CHICAGO (AP) — The latest on the Chicago Police Department and fatal police shootings in the city (all times local):
A Chicago police spokesman says the department has placed high priority on making sure audio on squad car dashcams function properly and that more are now working as they should.
The absence of audio in a dashcam video showing white police officer Jason Van Dyke fatally shooting Laquan McDonald in 2014 sparked conversations in the public and in the department.
Police officials last month blamed the absence of audio in 80 percent of dashcam videos on officer error and "intentional destruction."
Anthony Guglielmi said Friday that the department now audits dashcams on a daily basis and that "officers and supervisors will be held accountable."
He says 20 officers and supervisors have been disciplined since the closer scrutiny began last month, ranging from reprimands to a few days' suspension. He also said "there is still work to do."
An attorney for a white Chicago police officer who shot a black teenager 16 times says his client did not tamper with his squad car's dashcam in response to a Chicago news outlet's report this week that the device was intentionally damaged.
DNAinfo Chicago obtained CPD maintenance records through a public information request. Those records show that the dashboard video and audio recording device in Van Dyke's vehicle was reported damaged months before the October 2014 shooting of Laquan McDonald.
The report says the records also show that a day after the device was fixed, it was intentionally damaged. It was fixed another time, but on the night of the shooting, the system did not record any audio.
Defense attorney Dan Herbert said Friday that if the device was tampered with, then someone other than his client was responsible.
Officer Jason Van Dyke is charged with first-degree murder. He has pleaded not guilty.
The attorney for a white Chicago police officer charged in the 2014 fatal shooting of a black teenager says the officer and his family are receiving death threats.
Jason Van Dyke's attorney said Friday outside Cook County Court after a status hearing that Van Dyke has no formal protection but police are aware of the threats and are "taking precautions."
Attorney Dan Herbert also said he's "probably" going to ask for a change of venue, but not until after he has received all evidence from the state.
Van Dyke has pleaded not guilty in the death of 17-year-old Laquan McDonald. He's accused of shooting McDonald 16 times.
A video of the shooting released in November sparked numerous protests and calls for Emanuel's resignation.
A white Chicago police officer facing a first-degree murder charge in the fatal 2014 shooting of a black teenager will return to court in March.
Officer Jason Van Dyke appeared Friday morning in Cook County Court, where numerous pretrial issues were discussed. The judge set a March 23 date for the next hearing.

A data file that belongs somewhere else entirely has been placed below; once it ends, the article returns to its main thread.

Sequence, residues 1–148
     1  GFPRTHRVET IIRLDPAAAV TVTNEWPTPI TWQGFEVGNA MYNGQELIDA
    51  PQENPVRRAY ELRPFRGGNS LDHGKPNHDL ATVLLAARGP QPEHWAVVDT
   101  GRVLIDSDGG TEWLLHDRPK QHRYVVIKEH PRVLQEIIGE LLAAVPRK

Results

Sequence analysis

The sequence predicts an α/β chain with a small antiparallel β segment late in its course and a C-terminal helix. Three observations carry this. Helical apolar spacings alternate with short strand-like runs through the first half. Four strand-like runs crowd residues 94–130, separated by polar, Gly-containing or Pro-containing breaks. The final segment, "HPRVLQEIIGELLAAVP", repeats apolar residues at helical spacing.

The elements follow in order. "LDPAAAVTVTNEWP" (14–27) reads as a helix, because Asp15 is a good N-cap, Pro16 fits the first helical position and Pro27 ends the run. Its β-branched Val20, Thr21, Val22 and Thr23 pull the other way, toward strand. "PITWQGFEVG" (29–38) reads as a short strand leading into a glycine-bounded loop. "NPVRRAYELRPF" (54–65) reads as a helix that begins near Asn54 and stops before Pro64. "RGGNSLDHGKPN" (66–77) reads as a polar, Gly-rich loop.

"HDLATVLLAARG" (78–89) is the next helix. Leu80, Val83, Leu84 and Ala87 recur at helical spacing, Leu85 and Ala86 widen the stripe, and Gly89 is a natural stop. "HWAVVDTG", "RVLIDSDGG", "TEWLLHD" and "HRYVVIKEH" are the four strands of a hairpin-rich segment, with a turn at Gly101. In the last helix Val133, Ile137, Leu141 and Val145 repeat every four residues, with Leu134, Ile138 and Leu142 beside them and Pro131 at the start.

Van Dyke has pleaded not guilty in the death of 17-year-old Laquan McDonald.
City officials released squad car video of the shooting in November, hours after Cook County authorities announced charges. The footage showed McDonald veering away from officers as Van Dyke opened fire and shot McDonald 16 times.
The video sparked numerous protests and calls for Emanuel's resignation. The federal Justice Department is investigating the Chicago Police Department's practices and policies.
Chicago police will be getting more training as the city reforms how it responds to people with mental illness.
Mayor Rahm Emanuel office said Friday that officers and 911 dispatchers will receive enhanced training on interacting with people in crisis, particularly those with mental illness.
Chicago public health, fire, police and emergency officials will collect data about mental health incidents to help improve responses. The city also says it will work with mental health experts and community leaders to improve access to mental health services when individuals come into contact with first responders.
The announcement comes after Emanuel last month asked police and the agency that investigates police misconduct to review the training on officers' response to mental health crisis calls. He made the request after a double fatal police shooting.
A white Chicago police officer accused of shooting a black teenager 16 times in 2014 is due in court.
Jason Van Dyke is expected to appear before a judge Friday morning for a status hearing. He has pleaded not guilty to first-degree murder in the death of 17-year-old Laquan McDonald.
City officials released squad car video of the shooting in November, hours after Cook County authorities announced charges. The footage showed McDonald veering away from officers as Van Dyke opened fire.
The release of the video sparked citywide demonstrations with protesters alleging a cover-up and calling for the resignations of Mayor Rahm Emanuel and Cook County State's Attorney Anita Alvarez.
Alvarez has defended her office, saying such investigations take time. Emanuel has vowed to improve trust in the police department.